UC Observer logo
UCObserver on SoundCloud UCObserver on YouTube UCObserver on Facebook UCObserver on Twitter UCObserver's RSS Feeds

It's up to us to make clear that not all Christians are cut from the same cloth

By Muriel Duncan

United Church people aren't inclined to proclaim their faith on bumper stickers. You don't see too many of them wearing "Jesus is my homeboy" T-shirts.

That doesn't mean we aren't good Christians. We pray but not on prime-time TV. It's just not our way.

We're more likely to sit in church basements, in small groups, Bible in hand, faithfully seeking God's message for us today. We like Micah 6:8 -- "What does the Lord require of you but to do justice, and to love kindness, and to walk humbly with your God."

It is probably the justice part that gets us into trouble -- sometimes with powerful sources in society, sometimes with other Christians and sometimes within our own house. United Church people don't all think alike, so we've learned to give each other a little room for following our own beliefs and interpreting the Bible for ourselves.

These days, the United Church isn't flavour-of-the month in some inter-denominational circles. Our support for same-sex marriage rights puts us on the opposite side of the debate from some other large Christian groups. We will be on opposite sides of the courtroom when the Supreme Court of Canada considers same-sex marriage this fall.

And it is harder now to explain our position since most secular media tend to lump all Christians together, much as they have done for those of Jewish and Islamic faiths.

So we read newspaper reports that Christians oppose gay marriage rights but make no mention that there is a wide spectrum of Christian belief in this area. Reporters aren't helped when some groups appropriate the word Christian and talk as though there is only one true Christian viewpoint.

There is no point in lamenting this tendency if we're not prepared to speak up more for ourselves. Press releases, Web site information and stories in this magazine can help. But what is really needed is a concerted national media campaign to raise the profile of United Church-style Christianity.

We know there are supposed to be close to three million people who identify themselves as United Church at census time. We also know that most of them don't show up at Sunday morning worship. They may not see themselves fitting in because they are still thinking of a church of an earlier generation.

But the United Church has done a good job of applying its belief to the changing times. This is a church that believes God is still speaking to us. We change, stay current and relevant. So maybe we should let more people know who we are and what we believe.

The good news is the notion of strengthening United Church identity throughout the country has already been proposed by staff to General Council Executive. The goal is to help people, especially those between the ages of 30 and 45, have a higher awareness of our values. Some American denominations have used short television spots centring on family issues, ethical decisions. We should know more in the fall.

In the meantime, it isn't a bad idea to remind yourself and any reporters you know that Christians don't all think alike and don't need to, not all the time. Even Christ's disciples had their disagreements.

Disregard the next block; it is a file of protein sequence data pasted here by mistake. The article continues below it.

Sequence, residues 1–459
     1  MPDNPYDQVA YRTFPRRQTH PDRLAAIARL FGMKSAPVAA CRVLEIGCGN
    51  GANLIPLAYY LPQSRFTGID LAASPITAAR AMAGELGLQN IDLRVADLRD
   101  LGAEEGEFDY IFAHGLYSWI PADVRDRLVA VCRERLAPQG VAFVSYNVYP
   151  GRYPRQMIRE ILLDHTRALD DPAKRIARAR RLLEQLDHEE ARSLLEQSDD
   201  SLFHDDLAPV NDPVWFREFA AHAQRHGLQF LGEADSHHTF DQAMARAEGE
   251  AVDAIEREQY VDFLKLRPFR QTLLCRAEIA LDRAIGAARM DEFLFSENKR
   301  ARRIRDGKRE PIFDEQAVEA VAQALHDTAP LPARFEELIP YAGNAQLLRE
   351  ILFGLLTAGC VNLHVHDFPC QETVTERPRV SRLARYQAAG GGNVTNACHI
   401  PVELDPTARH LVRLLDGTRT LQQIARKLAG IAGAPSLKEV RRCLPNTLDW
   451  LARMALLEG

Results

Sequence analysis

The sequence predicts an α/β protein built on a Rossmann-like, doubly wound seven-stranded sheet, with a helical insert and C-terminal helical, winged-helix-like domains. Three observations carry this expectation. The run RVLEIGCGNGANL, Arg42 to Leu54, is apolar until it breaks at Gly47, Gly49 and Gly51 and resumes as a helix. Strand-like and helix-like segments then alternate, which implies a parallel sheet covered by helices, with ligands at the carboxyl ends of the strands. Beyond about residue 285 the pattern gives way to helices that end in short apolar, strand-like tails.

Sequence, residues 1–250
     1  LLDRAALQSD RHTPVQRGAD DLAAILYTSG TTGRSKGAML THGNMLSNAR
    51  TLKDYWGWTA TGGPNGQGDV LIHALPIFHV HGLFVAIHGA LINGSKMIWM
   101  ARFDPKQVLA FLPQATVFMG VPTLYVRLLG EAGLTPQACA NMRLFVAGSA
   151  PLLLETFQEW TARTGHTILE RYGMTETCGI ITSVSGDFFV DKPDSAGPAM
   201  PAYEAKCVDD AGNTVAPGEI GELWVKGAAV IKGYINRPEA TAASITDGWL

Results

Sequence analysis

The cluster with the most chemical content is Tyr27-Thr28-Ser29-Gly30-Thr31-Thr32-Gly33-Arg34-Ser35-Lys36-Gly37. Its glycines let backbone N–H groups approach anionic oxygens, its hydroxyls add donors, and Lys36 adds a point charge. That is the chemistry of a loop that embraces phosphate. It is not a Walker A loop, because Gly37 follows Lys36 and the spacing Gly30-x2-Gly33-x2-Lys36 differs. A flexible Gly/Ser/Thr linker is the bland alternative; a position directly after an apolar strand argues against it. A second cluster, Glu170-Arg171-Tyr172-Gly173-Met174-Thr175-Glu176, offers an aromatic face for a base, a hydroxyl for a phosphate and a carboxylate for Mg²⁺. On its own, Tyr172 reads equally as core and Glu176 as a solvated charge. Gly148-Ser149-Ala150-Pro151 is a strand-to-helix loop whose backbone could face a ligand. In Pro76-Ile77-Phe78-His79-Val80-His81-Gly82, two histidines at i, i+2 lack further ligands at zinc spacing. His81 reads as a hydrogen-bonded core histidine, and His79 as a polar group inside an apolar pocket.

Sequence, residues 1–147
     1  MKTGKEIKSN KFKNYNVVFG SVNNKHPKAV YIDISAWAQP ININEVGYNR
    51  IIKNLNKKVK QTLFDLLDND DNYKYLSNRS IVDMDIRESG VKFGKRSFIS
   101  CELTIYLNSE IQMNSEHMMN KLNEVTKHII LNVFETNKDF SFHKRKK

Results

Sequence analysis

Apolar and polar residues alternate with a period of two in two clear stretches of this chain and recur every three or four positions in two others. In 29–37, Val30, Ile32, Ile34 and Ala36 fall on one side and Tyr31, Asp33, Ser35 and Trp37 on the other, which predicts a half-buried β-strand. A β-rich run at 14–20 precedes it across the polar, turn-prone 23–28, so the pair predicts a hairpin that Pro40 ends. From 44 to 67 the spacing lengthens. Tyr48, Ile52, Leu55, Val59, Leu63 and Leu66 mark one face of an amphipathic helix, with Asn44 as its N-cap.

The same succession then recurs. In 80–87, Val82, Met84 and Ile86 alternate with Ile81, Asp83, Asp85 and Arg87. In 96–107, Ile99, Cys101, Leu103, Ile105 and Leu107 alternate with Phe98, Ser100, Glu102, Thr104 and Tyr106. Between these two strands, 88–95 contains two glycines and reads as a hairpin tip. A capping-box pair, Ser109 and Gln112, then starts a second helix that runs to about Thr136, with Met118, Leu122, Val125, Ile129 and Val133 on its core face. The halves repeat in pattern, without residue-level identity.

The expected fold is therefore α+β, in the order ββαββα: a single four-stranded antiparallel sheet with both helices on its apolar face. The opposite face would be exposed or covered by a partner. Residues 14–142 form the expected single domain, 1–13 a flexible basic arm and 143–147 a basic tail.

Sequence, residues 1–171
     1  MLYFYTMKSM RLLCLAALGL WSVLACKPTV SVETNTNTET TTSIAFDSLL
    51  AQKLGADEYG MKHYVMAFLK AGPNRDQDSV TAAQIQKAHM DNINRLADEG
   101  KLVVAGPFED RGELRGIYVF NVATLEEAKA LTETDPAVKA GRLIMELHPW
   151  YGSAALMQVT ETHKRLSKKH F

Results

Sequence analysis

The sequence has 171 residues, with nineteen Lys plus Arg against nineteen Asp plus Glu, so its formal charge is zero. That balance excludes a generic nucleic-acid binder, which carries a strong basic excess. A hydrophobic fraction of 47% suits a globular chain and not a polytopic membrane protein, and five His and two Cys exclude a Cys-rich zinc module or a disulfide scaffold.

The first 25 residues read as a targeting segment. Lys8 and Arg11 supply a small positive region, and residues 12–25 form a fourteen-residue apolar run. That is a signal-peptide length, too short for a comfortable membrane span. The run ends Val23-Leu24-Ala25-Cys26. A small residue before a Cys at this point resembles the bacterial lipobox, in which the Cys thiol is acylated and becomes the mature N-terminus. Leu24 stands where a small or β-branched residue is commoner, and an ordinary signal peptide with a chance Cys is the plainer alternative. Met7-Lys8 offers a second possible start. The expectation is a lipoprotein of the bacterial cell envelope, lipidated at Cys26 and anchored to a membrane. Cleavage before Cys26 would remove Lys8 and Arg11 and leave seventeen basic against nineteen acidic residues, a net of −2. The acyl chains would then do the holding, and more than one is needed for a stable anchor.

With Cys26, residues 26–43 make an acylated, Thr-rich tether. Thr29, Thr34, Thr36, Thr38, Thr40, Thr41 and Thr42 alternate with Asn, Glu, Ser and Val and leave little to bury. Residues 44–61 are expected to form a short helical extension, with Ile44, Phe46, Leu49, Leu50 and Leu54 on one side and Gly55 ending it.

Readers’ advisory: The discussion below is moderated by The UC Observer and facilitated by Intense Debate (ID), an online commentary system. The Observer reserves the right to edit or reject any comment it deems to be inappropriate. Approved comments may be further edited for length, clarity and accuracy, and published in the print edition of the magazine. Please note: readers do not need to sign up with ID to post their comments on ucobserver.org. We require only your user name and e-mail address. Your comments will be posted from Monday to Friday between 9:30 a.m. and 5:30 p.m. Join the discussion today!

Interviews

Courtesy of Pixabay

Why this woman is leaving the Catholic Church in her 60s

by Angela Mombourquette

After a lifetime devoted to Catholicism, a Nova Scotia teacher is settling in with the United Church of Canada. Here, she explains why.

Promotional Image

Editorials

Jocelyn Bell%

Observations: It’s a long road toward full equality for women

by Jocelyn Bell

'It’s a wonder that we continue to see male ministers as normative and attach shame to female ministers’ biology and sexuality.'

Promotional Image

Video

ObserverDocs: Playing by Heart

by Observer Staff

United Church music director Kara Shaw was born prematurely, became almost totally blind and was later diagnosed with autism spectrum disorder. Today, the 28-year-old showcases her unique musical ability, performing piano on local and national stages.

Promotional Image

Faith

May 2018

Toronto church builds interfaith friendship

by Vivien Fellegi

Faith

May 2018

This parent found no support for her autistic daughter — and decided to change that

by Kieran Delamont

Suzanne Allen talks about raising a daughter on the autism spectrum and bringing all autistic girls together

Faith

May 2018

Church retreat helps first responders with PTSD

by Joe Martelle

Interviews

May 2018

Why this woman is leaving the Catholic Church in her 60s

by Angela Mombourquette

After a lifetime devoted to Catholicism, a Nova Scotia teacher is settling in with the United Church of Canada. Here, she explains why.

Ethics

May 2018

Pregnant in the pulpit

by Trisha Elliott

Ministers who take a maternity leave still face discrimination in their own congregations

Interviews

May 2018

The two words Rev. Cheri DiNovo wants to hear from the United Church

by Alex Mlynek

The Toronto minister talks about her disappointment over the church’s silence when she officiated the country’s first legalized same-sex marriage 17 years ago – and why she wants an apology.

Promotional Image